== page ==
From a conference in Trinity to the Provost's Rankings Committee, more energy than ever is being poured into improving a university's ranking.
Despite previous reports that talks had reached an impasse, progress is ongoing and will be concluded in the coming weeks, according to Trinity's Chief Financial Officer.
Trinity will seek to offer more attractive salary packages, with hopes that the new strategic hires scheme could be funded by philanthropic donations.
The increase in income comes as Trinity has become less reliant on state funding, with the majority of financial support coming from non-exchequer sources.
In an addition to fundraising and a potential loan for the College, a new student levy introduced to fund the centre would introduced, only charging students that will get use out of the centre.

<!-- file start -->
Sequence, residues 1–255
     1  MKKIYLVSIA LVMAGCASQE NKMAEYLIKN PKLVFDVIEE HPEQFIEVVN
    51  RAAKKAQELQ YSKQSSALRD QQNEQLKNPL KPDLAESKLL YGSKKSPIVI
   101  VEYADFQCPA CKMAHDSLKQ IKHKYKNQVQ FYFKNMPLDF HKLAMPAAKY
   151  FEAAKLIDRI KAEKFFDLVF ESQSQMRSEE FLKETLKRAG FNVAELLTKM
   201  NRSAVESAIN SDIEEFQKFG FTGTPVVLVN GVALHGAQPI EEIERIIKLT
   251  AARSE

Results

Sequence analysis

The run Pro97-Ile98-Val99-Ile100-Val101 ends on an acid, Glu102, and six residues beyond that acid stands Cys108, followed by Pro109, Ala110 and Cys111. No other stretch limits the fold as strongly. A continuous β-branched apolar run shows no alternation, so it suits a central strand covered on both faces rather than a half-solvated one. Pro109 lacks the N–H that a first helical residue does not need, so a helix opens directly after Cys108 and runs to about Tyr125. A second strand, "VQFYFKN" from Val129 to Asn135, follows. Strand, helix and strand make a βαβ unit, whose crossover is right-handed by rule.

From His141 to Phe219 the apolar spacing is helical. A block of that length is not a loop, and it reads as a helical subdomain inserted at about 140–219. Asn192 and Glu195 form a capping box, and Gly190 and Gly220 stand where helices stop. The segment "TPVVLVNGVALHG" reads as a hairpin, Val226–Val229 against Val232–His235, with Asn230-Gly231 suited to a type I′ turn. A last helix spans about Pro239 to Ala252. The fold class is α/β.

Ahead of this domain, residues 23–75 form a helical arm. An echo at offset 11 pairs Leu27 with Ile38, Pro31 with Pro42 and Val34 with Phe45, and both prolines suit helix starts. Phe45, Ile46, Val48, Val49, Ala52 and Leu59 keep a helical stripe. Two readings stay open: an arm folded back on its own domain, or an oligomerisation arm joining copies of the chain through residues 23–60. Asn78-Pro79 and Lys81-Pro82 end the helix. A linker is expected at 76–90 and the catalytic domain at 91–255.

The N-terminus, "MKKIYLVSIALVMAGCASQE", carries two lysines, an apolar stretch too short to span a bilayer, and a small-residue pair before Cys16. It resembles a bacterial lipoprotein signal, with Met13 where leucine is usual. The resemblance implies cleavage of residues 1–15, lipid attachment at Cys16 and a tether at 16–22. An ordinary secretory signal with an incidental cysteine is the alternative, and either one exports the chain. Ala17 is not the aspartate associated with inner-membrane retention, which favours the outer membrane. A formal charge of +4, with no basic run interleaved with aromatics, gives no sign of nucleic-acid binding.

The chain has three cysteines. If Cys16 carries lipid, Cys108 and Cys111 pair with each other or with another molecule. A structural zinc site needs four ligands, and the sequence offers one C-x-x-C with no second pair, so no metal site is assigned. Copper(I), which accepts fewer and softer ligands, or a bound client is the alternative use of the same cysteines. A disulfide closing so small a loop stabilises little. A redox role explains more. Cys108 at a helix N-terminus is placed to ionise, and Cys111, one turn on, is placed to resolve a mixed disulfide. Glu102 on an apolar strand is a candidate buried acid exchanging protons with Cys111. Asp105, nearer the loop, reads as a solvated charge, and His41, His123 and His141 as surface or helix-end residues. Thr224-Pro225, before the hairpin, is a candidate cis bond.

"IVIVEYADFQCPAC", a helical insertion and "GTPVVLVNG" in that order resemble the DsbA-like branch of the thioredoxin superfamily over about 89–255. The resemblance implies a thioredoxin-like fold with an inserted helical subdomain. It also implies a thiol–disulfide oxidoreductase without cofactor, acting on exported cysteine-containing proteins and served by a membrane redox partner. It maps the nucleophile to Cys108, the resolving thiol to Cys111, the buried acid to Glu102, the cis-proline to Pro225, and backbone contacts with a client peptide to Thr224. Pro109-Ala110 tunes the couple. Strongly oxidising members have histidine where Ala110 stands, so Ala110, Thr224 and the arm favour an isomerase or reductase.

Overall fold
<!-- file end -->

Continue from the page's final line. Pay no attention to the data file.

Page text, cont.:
18.2 per cent of over 1,000 students polled said they would not support such an increase.
The project, which is changing how undergraduates are taught and assessed, is raising concerns over resources and the Americanisation of the curriculum.
Keane, running on a platform of engagement and improving College services, won on the first count with 52.9 per cent of first-preference votes.
McClean, who ran on a platform of representation and accommodation, who on the third count with 44 per cent of first-preference votes.
MacPherson, who ran on a platform of equality and diversity in the union, won on the first count, with 85.4 per cent of the vote.